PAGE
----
34.2 FPS
25.9 FPS
AMD Radeon RX 480 8GB $ 400 $ 16.5 24.3 FPS
34.5 FPS
25.7 FPS
AMD Radeon R9 390 8GB $ 329 $ 13.7 24.1 FPS
33.8 FPS
23.5 FPS
AMD Radeon RX 570 4GB $ 169 $ 7.1 23.8 FPS
33.4 FPS
23.7 FPS
NVIDIA GeForce GTX 1650 4GB $ 149 $ 6.5 22.8 FPS
31.9 FPS
23.1 FPS
AMD Radeon RX 470 4GB $ 179 $ 8.4 21.3 FPS
29.9 FPS
21.7 FPS
AMD Radeon R9 380X 4GB $ 229 $ 12.8 17.9 FPS
24.9 FPS
18.4 FPS
AMD Radeon R9 285 2GB $ 249 $ 15.5 16.1 FPS
22.4 FPS
15.6 FPS
AMD Radeon R9 380 2GB $ 199 $ 12.5 15.9 FPS
22.2 FPS
15.6 FPS
NVIDIA GeForce GTX 1050 Ti 4GB $ 169 $ 10.8 15.7 FPS
22 FPS
15.9 FPS
AMD Radeon R9 280 3GB $ 279 $ 17.9 15.6 FPS
21.9 FPS
15 FPS
NVIDIA GeForce GTX 960 2GB $ 199 $ 12.9 15.4 FPS
21.3 FPS
15.3 FPS
NVIDIA GeForce GTX 1050 3GB $ 169 $ 12.6 13.4 FPS
18.5 FPS
13.2 FPS
AMD Radeon RX 560 4GB $ 99 $ 8 12.4 FPS
17 FPS
12.1 FPS
NVIDIA GeForce GTX 950 2GB $ 159 $ 13.1 12.1 FPS
16.6 FPS
12.3 FPS
AMD Radeon R7 370 2GB $ 149 $ 12.5 11.9 FPS
15.6 FPS
11.6 FPS
AMD Radeon R7 265 2GB $ 149 $ 12.6 11.8 FPS
15.1 FPS
11.3 FPS
AMD Radeon RX 460 4GB $ 140 $ 12.8 10.9 FPS
15 FPS
10.8 FPS
NVIDIA GeForce GTX 750 Ti 2GB $ 149 $ 14.2 10.5 FPS
12.9 FPS
9.7 FPS
AMD Radeon RX 550 2GB $ 79 $ 9.2 8.6 FPS
11.9 FPS
8.5 FPS
NVIDIA GeForce GT 1030 2GB $ 79 $ 9.6 8.2 FPS
11.3 FPS
7.8 FPS

Related Discussions and Issues

sdssix September 22, 2014

Help (noob) Kevari A10-7850K FPS very low

Hey I'm not very savvy with computer, parts, and building a computer so I do apologize in advance... A friend of mine helped me build a computer for light gaming and day to day use I have AMD Kevari A10-7850K APU with msi mobo, 8gb RAM. I don't really play games on my computer (trying to get into a habit that this computer is for work not play) but I gave in and downloaded LoL on it.. League of Legends isn't too demanding graphically (I don't think) and I've seen some reviews on youtube like this -> ( ) but the fps is very low when I play. It's newly downloaded and updated LoL, I even deleted AMD Catalyst control and installed the most up to date (none beta) driver. It increased the fps a little bit but it's still averaging at 14-18 sometimes 12 or even lower. I have my settings (in game) to Medium Low just so it's somewhat smooth and playable. I read some suggestions on disabling all the startup drives and etc. and it didn't help... Can anyone please help me? Will I be able to play in High/Ultra mode??

jorgp2 August 17, 2014

[build help] An a10 7850k or an FX-8320k?

Which one is better for games.

The a10 has a higher IPC and supports PCI-E 3.

LFKhael August 29, 2014

I'm not going to get into any Intel vs. AMD stuff, but between the two, the FX-8320 is going to demolish the A10.

jorgp2 August 29, 2014

The price, but now I am considering getting an i5.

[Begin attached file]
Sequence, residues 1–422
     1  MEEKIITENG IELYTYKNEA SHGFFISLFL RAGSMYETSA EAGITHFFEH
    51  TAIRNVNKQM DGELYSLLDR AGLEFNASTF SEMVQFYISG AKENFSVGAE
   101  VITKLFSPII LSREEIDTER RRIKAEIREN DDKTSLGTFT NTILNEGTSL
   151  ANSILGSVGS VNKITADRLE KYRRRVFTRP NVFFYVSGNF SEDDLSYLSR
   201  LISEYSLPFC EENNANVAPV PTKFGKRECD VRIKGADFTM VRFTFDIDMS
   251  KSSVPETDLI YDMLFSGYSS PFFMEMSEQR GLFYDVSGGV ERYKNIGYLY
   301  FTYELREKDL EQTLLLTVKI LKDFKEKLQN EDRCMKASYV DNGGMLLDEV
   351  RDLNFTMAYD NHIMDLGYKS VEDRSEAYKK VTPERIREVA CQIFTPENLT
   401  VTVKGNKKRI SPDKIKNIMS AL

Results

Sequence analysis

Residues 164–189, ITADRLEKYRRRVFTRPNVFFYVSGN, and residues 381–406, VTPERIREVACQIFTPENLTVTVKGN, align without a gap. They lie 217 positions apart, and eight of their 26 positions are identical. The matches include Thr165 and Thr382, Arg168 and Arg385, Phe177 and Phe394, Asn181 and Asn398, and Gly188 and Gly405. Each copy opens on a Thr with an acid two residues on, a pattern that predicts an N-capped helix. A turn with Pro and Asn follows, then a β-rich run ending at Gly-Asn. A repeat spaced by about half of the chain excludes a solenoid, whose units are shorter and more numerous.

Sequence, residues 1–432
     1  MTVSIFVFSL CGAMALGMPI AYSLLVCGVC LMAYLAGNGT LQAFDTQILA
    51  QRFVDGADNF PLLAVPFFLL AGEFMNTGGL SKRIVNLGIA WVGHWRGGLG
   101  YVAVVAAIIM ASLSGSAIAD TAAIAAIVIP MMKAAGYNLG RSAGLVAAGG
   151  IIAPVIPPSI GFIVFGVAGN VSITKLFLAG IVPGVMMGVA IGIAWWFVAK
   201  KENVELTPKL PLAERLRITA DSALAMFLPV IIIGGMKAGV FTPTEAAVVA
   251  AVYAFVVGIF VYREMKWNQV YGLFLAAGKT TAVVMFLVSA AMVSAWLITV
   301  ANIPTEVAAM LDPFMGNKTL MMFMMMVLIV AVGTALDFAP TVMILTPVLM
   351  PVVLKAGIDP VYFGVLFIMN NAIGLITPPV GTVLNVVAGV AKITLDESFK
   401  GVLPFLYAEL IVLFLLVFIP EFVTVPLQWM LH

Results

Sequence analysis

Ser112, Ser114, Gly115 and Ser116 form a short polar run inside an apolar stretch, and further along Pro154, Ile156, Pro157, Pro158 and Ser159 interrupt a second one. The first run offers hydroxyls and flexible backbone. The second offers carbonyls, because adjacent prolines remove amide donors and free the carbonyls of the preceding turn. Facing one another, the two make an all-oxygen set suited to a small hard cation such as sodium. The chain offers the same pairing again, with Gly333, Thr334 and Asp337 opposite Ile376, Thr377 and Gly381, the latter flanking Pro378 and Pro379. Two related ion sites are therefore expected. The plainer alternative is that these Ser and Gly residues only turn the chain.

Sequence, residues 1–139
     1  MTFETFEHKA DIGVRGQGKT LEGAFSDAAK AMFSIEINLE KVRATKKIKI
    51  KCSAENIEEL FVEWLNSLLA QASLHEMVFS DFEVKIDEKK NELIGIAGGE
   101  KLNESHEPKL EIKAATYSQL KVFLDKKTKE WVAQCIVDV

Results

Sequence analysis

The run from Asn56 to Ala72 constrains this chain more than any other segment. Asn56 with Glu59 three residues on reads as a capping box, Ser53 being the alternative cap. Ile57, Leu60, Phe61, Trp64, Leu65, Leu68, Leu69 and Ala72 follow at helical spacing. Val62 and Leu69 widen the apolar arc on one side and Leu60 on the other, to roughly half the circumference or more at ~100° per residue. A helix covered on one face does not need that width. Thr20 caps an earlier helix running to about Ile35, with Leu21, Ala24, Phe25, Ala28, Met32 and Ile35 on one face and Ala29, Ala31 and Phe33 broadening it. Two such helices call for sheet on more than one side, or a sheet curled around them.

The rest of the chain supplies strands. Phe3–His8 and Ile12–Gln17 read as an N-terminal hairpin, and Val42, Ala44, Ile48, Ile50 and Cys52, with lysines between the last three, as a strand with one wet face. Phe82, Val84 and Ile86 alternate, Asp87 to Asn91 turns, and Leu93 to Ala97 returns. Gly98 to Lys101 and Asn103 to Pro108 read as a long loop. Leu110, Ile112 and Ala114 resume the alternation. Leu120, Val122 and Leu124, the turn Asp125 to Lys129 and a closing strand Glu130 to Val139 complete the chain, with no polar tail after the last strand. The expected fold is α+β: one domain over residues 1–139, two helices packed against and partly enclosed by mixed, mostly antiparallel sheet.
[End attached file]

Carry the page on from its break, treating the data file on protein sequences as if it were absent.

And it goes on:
Brownbearie September 05, 2015

[Build Help] What gpu will an amd a10 7850k bottleneck? What's the strongest one I can get that won't be bottlenecked?

jigssaw August 31, 2015

I'd say 270 / 270x is about the max. (depends on the game obviously though.)

Brownbearie September 15, 2015

Hmm. Is better to buy a 270, or buy a 250 to crossfire?

joeh4384 September 25, 2015

I gave my cousin a R9 280 to go with his 7850k build and it seems to be doing pretty good for him. You could probably go higher as CPU bottlenecks tend to be game dependent.

Slugywug August 21, 2015

It will vary wildly from game to game, you will also probably get better results (oddly you may think) with an nvidia card.

750k with r270 and gtx750ti review here from last April. The two cards are very close, when you might expect the 270 to easily win.

Whatever you do avoid crossfire.

A decent overclock on the cpu will help too.

talon04 August 11, 2015

Honestly you cpuld go up to a r9 290 and still get over 60 fps. Its a modern quadcore CPU and when the igpu is turned off it should give you more OC room.

DMZ_Dragon September 25, 2015

This is kinda sorta bullshit, as turned off you would still have the standard processing power of roughly a 860K, which runs into a bottleneck at around a 270X/280.

salakasto September 15, 2015

[Build Help] Want to build a starter gaming PC for my 9 year old brother. Should I just start out with an A10-7850k APU and then soon upgrade to a dedicated GPU when I have the money?

I should also mention I'm building him a mini-ITX console-like rig. I'm at work but if I get the time I can provide a pcpartpicker list for it so far.

Pstratto August 21, 2015

I'd go with an i3 build with a 260x. Should be plenty to max out 900p and play 1080p on medium. And if you drop a new GPU in you'll have no issue with 1080p on high for most games and will work with games requiring 4 cores/threads unlike a g3258.

joeh4384 September 10, 2015

I would try to hunt a used 7950 or 7970 for 90-120 on eBay.

n1con September 25, 2015

what's your budget for the starter build? It's always important to choose a Platform that is easily upgradeable in your case. So i would go for something with an AM3+ socket so you can easily upgrade the CPU once the old one isn't enough anymore.

salakasto September 20, 2015

Around $450-500 including controller and some extra cables probably. I don't want to skimp on the case and I'm thinking of getting a RVZ01 or maybe wait and get a RVZ02 if it comes out soon. Give me a few minutes and I'll find the part list.

I've heard AMD is developing better FM2+ CPUs/APUs, and the current FM2+ motherboards seem excellent for console-like builds to me.

EDIT: Got it:

PCPartPicker part list / Price breakdown by merchant